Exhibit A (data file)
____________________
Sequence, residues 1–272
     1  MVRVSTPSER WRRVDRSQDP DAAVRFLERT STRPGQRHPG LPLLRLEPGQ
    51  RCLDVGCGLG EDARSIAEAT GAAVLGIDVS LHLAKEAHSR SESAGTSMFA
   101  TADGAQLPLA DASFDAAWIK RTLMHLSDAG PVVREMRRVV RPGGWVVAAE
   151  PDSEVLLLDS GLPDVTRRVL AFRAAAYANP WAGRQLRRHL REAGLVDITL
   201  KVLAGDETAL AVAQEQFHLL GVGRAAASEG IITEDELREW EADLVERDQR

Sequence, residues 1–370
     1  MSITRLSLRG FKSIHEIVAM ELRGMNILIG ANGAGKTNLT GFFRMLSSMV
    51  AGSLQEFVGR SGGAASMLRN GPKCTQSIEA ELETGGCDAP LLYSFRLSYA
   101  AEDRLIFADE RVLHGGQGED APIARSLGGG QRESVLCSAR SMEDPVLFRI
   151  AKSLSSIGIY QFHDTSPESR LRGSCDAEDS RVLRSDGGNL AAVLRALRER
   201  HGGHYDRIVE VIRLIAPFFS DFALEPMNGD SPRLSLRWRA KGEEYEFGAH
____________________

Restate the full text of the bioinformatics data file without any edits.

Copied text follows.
Sequence, residues 1–272
     1  MVRVSTPSER WRRVDRSQDP DAAVRFLERT STRPGQRHPG LPLLRLEPGQ
    51  RCLDVGCGLG EDARSIAEAT GAAVLGIDVS LHLAKEAHSR SESAGTSMFA
   101  TADGAQLPLA DASFDAAWIK RTLMHLSDAG PVVREMRRVV RPGGWVVAAE
   151  PDSEVLLLDS GLPDVTRRVL AFRAAAYANP WAGRQLRRHL REAGLVDITL
   201  KVLAGDETAL AVAQEQFHLL GVGRAAASEG IITEDELREW EADLVERDQR

Sequence, residues 1–370
     1  MSITRLSLRG FKSIHEIVAM ELRGMNILIG ANGAGKTNLT GFFRMLSSMV
    51  AGSLQEFVGR SGGAASMLRN GPKCTQSIEA ELETGGCDAP LLYSFRLSYA
   101  AEDRLIFADE RVLHGGQGED APIARSLGGG QRESVLCSAR SMEDPVLFRI
   151  AKSLSSIGIY QFHDTSPESR LRGSCDAEDS RVLRSDGGNL AAVLRALRER
   201  HGGHYDRIVE VIRLIAPFFS DFALEPMNGD SPRLSLRWRA KGEEYEFGAH